Q: How involved was LucasBooks in this project?

DK:Obviously they had to be involved on some level to make sure this novel fits in with the rest of the Star Wars Intellectual proberties. Path of Destruction introduces a new era in the Star Wars universe, and it was important to maintain the Star Wars “feel” and keep the story in line with existing continuity.

In the early stages of developing the story I had a lot of help from my editors Shelly Shapiro and Sue Rostoni, from Del Rey and Lucasfilm, respectively. I worked out the original concept of the book and then with their feedback hammered away at it until we all felt it was something really special. When it came to the actual writing, however, I was pleased to see they let me sink or swim on my own.

Q: How did your views of the Force, and especially the dark side, evolve in the course of writing this book?

DK:Much of the groundwork was laid through the work our team did on Kotor. I think the big breakthrough came when I realized that, in and of itself, the dark side philosophy is not “evil.” It’s really about the power of the individual rather than the acceptance of collective good. Understanding this makes you realize how appealing the dark side can really be, and that’s where the true danger lies. Nobody starts out wanting to be reviled or a villain, but through the book I hope readers can gain a better understanding of how it could actually happen.

Q: Since light and dark are two sides of a single thing, the Force, and not separate things themselves, why can’t Force users balance both disciplines, drawing from each as the situation requires? In other words, why isn’t there a third group of Force users, neither Jedi nor Sith but occupying a gray zone between them? I don’t know if you can answer that, but it’s something I’ve always wondered about…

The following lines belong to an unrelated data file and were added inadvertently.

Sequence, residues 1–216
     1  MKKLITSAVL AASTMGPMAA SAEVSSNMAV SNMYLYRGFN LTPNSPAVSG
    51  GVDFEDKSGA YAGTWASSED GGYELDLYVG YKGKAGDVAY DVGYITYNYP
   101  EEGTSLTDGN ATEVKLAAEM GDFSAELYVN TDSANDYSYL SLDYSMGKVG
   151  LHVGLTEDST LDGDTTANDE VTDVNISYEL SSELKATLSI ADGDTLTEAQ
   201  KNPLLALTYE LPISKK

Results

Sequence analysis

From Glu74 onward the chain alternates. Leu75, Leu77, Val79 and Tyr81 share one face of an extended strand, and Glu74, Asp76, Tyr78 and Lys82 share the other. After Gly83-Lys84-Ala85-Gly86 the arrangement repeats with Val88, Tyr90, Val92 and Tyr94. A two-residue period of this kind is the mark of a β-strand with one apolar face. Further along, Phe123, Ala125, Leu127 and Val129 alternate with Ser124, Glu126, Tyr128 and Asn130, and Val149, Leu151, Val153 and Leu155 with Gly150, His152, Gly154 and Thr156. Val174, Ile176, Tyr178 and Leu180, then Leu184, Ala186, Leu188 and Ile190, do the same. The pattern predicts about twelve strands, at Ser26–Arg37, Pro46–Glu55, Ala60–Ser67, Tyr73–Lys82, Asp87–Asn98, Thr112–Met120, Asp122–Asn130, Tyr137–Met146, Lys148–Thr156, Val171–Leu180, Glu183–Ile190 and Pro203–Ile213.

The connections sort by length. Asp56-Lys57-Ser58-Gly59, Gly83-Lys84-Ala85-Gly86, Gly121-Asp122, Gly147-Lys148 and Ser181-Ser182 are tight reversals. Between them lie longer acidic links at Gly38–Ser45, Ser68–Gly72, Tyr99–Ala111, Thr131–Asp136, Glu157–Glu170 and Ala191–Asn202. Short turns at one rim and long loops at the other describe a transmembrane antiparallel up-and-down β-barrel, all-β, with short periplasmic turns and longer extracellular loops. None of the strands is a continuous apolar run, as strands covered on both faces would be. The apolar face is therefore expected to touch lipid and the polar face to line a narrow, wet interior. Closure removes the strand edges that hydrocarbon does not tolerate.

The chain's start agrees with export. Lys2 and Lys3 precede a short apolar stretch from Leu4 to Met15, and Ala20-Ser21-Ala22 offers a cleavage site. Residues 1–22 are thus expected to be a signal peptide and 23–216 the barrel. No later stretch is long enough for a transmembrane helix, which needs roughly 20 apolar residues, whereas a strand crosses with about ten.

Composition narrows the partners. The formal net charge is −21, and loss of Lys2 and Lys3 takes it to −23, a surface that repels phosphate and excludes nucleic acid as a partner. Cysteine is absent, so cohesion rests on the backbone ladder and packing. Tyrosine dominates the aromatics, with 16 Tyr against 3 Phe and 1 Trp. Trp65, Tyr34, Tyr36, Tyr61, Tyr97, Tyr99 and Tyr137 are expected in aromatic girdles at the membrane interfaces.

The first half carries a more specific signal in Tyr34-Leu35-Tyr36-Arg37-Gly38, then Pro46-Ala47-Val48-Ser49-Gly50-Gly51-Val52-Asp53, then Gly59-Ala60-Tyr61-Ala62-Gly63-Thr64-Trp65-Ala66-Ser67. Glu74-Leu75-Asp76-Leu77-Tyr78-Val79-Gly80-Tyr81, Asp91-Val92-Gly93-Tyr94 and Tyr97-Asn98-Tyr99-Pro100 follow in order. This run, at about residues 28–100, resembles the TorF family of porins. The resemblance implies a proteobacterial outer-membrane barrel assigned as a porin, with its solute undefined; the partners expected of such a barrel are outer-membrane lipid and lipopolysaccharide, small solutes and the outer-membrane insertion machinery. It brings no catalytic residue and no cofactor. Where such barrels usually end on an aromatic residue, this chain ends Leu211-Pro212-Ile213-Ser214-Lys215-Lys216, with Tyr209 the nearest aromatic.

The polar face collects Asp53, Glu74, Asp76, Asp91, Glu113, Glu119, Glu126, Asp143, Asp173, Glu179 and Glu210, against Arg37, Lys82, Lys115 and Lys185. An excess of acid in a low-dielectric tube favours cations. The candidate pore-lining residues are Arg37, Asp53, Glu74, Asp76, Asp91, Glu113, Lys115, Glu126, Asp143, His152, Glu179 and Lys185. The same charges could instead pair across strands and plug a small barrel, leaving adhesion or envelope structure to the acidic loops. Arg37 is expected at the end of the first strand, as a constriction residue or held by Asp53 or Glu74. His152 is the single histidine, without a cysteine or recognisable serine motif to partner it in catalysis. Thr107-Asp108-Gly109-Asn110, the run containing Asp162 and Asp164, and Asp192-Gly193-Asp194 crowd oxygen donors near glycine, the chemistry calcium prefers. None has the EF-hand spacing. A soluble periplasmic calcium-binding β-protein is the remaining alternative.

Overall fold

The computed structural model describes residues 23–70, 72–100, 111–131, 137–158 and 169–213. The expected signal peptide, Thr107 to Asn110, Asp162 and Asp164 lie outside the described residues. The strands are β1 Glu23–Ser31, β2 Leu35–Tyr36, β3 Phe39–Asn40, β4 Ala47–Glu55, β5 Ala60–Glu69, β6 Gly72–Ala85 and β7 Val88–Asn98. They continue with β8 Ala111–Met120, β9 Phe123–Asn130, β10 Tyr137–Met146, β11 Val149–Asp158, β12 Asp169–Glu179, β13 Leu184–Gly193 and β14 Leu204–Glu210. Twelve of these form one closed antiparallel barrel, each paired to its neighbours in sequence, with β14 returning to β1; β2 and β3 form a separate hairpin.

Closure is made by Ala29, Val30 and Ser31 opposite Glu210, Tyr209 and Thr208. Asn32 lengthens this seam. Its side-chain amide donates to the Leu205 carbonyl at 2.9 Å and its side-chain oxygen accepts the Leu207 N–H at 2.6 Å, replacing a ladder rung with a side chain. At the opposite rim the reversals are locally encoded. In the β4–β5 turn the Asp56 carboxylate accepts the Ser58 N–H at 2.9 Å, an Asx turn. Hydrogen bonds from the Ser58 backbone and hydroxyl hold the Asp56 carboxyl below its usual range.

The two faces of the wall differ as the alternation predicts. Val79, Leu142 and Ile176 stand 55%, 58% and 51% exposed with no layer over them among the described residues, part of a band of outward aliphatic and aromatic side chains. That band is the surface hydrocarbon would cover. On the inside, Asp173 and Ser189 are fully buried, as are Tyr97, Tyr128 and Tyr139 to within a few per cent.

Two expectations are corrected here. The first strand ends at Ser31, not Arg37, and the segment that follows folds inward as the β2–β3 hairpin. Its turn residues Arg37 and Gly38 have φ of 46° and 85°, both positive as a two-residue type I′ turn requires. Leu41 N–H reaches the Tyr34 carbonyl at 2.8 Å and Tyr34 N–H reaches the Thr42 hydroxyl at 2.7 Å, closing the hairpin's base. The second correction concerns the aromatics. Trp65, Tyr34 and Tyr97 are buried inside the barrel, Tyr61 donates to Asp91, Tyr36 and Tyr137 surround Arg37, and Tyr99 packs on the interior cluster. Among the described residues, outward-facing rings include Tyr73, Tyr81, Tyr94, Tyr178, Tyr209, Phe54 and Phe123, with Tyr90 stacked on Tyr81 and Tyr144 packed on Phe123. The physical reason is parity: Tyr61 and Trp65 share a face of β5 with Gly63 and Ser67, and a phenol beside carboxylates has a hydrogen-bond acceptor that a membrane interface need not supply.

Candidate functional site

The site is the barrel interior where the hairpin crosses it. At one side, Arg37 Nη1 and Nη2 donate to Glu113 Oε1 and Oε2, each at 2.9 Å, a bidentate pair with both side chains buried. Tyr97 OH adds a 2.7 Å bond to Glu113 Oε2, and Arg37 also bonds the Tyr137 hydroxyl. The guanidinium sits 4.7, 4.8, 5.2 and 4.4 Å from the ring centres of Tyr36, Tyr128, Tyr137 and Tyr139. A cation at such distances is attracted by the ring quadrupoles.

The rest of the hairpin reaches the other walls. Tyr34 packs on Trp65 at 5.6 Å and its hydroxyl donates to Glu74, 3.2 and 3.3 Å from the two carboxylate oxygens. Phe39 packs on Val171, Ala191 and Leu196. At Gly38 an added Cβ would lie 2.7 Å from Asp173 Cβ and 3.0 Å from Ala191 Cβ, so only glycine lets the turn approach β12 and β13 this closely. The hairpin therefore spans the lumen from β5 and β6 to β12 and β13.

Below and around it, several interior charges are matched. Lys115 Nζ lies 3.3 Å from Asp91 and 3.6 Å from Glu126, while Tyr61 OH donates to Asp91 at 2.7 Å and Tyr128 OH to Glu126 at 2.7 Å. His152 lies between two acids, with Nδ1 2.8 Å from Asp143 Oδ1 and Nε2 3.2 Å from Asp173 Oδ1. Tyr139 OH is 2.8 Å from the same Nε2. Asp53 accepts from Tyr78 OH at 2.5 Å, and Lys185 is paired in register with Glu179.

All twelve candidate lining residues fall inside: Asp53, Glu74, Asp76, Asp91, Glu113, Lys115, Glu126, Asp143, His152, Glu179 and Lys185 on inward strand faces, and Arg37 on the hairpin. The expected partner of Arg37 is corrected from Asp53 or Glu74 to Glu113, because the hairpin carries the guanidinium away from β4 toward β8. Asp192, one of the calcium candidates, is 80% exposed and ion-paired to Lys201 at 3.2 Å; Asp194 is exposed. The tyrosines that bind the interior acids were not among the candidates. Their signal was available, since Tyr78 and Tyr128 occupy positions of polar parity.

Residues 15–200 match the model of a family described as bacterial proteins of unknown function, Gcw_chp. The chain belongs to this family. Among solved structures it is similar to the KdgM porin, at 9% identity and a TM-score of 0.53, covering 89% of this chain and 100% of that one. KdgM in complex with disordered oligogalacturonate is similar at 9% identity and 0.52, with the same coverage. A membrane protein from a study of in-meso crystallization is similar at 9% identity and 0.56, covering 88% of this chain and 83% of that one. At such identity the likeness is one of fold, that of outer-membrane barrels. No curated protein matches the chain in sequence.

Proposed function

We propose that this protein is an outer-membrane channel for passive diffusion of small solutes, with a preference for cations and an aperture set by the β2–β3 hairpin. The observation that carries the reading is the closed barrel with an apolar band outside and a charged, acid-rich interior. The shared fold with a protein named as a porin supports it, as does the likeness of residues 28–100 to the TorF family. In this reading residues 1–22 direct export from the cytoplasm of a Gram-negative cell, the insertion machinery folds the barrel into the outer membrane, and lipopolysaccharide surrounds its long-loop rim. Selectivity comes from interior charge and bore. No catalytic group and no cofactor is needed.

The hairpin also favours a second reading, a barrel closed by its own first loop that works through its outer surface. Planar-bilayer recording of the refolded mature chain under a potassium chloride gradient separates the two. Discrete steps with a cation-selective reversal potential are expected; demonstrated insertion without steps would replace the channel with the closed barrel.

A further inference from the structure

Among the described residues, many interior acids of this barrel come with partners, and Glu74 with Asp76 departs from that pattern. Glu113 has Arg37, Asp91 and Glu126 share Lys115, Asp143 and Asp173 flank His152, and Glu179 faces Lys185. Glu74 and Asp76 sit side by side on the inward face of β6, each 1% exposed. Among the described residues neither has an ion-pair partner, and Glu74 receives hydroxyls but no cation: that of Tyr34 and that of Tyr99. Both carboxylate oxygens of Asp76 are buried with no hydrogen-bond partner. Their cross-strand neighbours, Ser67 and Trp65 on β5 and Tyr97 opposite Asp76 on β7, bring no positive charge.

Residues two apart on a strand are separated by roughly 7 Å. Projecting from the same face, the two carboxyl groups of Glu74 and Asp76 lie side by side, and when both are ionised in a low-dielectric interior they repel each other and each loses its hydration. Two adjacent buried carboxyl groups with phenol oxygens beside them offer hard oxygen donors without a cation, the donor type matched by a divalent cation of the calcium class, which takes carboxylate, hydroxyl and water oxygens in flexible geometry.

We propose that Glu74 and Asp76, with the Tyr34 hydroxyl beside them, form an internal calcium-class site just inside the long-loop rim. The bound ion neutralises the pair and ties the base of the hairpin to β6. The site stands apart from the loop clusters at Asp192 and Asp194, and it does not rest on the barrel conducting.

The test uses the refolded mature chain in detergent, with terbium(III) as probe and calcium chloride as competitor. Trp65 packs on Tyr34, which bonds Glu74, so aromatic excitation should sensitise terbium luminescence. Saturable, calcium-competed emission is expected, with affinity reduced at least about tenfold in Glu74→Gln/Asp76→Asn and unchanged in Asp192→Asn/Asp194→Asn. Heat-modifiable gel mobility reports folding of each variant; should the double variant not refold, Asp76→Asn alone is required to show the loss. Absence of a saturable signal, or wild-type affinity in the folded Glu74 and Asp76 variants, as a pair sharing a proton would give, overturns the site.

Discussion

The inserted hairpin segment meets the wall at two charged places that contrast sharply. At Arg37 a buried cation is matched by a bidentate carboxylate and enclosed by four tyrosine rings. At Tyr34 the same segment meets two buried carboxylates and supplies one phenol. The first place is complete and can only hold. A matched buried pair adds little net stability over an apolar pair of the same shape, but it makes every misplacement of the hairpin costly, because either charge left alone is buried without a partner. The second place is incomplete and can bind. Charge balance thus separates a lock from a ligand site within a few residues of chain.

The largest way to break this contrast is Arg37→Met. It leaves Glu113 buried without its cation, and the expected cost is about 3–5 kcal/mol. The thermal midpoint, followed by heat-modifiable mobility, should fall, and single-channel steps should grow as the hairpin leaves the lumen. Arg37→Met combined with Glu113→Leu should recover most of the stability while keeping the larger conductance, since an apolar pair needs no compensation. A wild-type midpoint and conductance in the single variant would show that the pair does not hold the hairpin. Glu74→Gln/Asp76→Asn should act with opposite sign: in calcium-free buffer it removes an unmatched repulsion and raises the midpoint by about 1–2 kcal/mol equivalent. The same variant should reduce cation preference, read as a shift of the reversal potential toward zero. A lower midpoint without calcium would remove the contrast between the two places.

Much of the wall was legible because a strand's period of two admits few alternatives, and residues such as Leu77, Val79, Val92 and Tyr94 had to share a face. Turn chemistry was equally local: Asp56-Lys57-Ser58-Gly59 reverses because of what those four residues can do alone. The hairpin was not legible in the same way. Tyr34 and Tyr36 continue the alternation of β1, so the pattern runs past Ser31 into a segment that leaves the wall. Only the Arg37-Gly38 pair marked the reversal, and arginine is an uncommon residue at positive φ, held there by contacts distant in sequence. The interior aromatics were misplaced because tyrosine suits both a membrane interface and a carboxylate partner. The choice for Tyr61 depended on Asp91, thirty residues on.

DK:I think there are people like this. In Kotor we touched on this with the character of Jolee Bindoh, but I think there is an inherent flaw in being a “gray” Jedi. For me the key differences in the light and dark comes down to how you perceive the Force. Is it a great, binding energy that we serve by allowing it to act through us? Or is it a tool that we use to serve our own needs? Do you believe in the power of the individual, or the value of teamwork and the group? It’s hard to live your life believing that the best answer is to become a strong individual at all costs *and* be willing to sacrifice yourself for the good of the group. They ideas aren’t easily compatible, which is why “gray” Jedi are so rare.

Q: Was it a challenge to write a book featuring a villain as the main character? Did you have to go over to the dark side a bit yourself in order to write it?

DK:It was a challenge, because I didn’t want to soften Bane up at all. He is a monster, and I wanted to portray that. At the same time, I wanted the readers to sympathize with and understand him and his motivations. As for going over to the dark side, it wasn’t as hard as you think. Remember: the dark side itself isn’t evil. It’s more about individualism, which can actually be a very good and desirable thing. Self-improvement, confidence, attaining your goals through your dedication and hard work: these are noble traits. The trick comes in recognizing when this nobility becomes corrupted by greed or hate.